Rich, rich, rich II

6 07 2013

PPT recently posted on the new Forbes list of the filthy rich. In a related story, Forbes discusses the rises and falls on this list of the fabulously wealthy. We only want to comment on two of these.

Global HouseAmong the new names on the list, the richest was Witoon Suriyawanakul, worth $700 million. Somewhat surprisingly, Witoon’s Siam Global House is based tiny Roi Et in the Northeast. Global House is a building supplies retailer, a bit like Lowes or Home Depot in the U.S. Witoon’s stores are concentrated in the Northeast, the country’s poorest region. Perhaps his rapid rise is something to do with the recent posts we have had on inequality and politically-generated growth in the Northeast (see here and here).  Forbes has a brief story about Witoon.

The second observation is about Vichai Srivaddhanaprabha. Who?

Readers may not recognise this name. However, they will recognise his business. Vichai’s near-monopoly, state-allocated, duty-free airport stores under the King Power name is well known. King Power has made him very, very rich. And his wealth has shot higher as tourists have streamed into Thailand. Apparently 52 million in Bangkok’s international airport alone in 2012! Clearly the near-monopoly position is a license to print money.King Power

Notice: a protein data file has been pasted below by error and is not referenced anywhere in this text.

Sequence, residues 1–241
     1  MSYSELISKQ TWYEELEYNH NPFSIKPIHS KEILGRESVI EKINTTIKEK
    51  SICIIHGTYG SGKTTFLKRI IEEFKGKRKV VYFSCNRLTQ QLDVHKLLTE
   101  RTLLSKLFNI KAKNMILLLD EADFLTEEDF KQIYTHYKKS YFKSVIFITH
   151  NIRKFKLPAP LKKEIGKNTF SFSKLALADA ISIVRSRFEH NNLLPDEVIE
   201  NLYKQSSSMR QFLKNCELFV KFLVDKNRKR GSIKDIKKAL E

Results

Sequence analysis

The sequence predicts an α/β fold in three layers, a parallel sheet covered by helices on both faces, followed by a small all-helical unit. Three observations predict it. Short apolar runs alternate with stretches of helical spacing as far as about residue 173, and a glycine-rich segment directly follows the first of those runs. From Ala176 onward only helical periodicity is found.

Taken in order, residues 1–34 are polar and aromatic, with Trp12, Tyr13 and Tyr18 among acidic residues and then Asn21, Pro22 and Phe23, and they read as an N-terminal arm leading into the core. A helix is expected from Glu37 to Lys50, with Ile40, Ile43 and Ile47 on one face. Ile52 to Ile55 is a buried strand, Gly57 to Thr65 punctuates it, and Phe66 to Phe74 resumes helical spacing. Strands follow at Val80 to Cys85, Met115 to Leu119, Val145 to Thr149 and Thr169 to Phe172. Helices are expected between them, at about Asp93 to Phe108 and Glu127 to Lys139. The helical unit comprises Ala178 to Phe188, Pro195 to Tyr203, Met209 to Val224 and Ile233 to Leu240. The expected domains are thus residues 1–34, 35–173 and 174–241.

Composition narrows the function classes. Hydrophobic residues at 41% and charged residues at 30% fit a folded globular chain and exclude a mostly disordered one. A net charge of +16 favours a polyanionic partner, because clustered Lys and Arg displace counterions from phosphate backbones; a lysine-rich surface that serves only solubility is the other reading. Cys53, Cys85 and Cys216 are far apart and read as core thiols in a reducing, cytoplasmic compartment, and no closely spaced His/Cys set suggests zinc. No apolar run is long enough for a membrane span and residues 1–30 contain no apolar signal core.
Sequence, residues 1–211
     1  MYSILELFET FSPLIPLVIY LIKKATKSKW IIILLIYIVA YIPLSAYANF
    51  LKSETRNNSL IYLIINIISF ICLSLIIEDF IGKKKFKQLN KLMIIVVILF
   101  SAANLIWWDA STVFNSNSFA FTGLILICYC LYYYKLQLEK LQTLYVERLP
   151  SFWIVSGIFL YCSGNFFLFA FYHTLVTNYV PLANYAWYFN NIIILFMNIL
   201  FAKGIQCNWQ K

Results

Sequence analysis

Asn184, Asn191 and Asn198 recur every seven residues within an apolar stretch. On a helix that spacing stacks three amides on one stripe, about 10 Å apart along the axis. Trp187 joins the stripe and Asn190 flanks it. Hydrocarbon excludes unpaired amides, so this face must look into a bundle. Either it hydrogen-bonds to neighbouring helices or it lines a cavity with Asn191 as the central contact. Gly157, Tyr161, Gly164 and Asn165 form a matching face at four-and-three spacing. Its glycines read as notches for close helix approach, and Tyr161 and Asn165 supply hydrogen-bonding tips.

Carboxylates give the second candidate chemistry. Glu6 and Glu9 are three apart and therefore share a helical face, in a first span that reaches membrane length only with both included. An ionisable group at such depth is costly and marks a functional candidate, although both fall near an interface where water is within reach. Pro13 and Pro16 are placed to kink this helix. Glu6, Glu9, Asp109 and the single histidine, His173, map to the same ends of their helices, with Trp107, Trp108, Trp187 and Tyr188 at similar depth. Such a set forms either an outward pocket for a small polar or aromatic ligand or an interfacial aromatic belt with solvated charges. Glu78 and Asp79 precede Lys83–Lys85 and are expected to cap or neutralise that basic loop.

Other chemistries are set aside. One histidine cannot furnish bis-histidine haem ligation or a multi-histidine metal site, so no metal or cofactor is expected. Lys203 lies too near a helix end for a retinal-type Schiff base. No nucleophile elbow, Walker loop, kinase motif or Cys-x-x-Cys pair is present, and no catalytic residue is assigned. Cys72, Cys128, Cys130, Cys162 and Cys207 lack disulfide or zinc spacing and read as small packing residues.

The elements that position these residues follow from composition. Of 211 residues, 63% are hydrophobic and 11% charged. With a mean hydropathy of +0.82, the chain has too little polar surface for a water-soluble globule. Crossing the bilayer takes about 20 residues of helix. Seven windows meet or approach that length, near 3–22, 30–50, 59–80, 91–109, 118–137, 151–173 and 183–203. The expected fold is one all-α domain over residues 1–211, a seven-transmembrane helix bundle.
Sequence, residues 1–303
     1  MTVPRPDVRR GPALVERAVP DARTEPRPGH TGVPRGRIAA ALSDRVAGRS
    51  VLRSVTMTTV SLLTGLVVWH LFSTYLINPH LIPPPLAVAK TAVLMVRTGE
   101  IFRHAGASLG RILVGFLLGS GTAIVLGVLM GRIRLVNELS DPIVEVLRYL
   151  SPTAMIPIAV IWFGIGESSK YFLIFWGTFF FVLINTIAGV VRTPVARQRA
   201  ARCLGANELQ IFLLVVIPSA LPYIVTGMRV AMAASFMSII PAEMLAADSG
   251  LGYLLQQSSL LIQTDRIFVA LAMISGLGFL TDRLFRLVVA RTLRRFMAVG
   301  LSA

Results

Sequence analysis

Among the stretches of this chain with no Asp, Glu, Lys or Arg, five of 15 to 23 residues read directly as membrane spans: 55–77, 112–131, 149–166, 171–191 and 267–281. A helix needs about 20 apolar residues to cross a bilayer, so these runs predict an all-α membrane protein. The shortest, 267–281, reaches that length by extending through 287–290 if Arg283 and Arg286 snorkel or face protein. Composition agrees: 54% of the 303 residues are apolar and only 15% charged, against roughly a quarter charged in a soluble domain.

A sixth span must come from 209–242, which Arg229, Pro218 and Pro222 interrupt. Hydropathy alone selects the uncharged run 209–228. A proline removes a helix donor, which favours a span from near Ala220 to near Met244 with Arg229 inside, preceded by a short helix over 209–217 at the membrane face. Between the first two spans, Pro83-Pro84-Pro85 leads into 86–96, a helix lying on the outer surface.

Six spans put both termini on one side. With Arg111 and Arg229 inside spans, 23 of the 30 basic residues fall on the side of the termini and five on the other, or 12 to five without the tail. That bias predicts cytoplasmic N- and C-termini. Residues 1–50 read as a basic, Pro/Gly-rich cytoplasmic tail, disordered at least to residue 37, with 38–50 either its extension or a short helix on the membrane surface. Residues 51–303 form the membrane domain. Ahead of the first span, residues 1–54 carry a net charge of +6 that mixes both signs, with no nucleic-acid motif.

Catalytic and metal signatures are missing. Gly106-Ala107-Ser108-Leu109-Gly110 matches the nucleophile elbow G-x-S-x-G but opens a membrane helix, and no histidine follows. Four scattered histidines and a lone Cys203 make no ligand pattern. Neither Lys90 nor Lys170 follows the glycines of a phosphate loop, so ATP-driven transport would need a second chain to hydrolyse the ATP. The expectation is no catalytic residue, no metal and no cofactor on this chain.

The name King Power always seems incongruous for lese majeste bizarre Thailand.

Then Forbes tells us who Vichai was:

Previously listed under Raksriaksorn, Vichai switched his last name when the monarchy bestowed upon him the honorific Srivaddhanaprabha, which means “light of progressive glory.” An apt description given his past year….

The best available account of King Power and its economic and political power is by Chang Noi.

Readers might recall that PPT posted on this name change earlier this year. Back then we commented that royal recognition is a reward, and we wondered if this reward was political, for Vichai has been a political supporter of Newin Chidchob who was so critical to the Abhisit Vejjajiva regime and in opposing red shirts while holding the royal banner high. We did also note that Vichai is credited with having “plagiarized” the (now disgraced) Lance Armstrong and his plastic bracelets in Thailand and made them “Long live the king” bracelets and raised a fortune that he apparently pushed over to the palace. As we observed then, for the Chinese business class in the 1920s, getting a royal family name was a sign of inclusion and acceptance. Today, it must be a fitting reward for a very wealthy supporter of the wealthiest.


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28 10 2018
King Power helicopter down | Political Prisoners in Thailand

[…] Rich, rich, rich II is about Vichai in the Forbes super-rich lists. […]

28 10 2018
King Power helicopter down | Political Prisoners of Thailand

[…] Rich, rich, rich II is about Vichai in the Forbes super-rich lists. […]

28 10 2018
King Power helicopter down I | Political Prisoners in Thailand

[…] Rich, rich, rich II is about Vichai in the Forbes super-rich lists. […]




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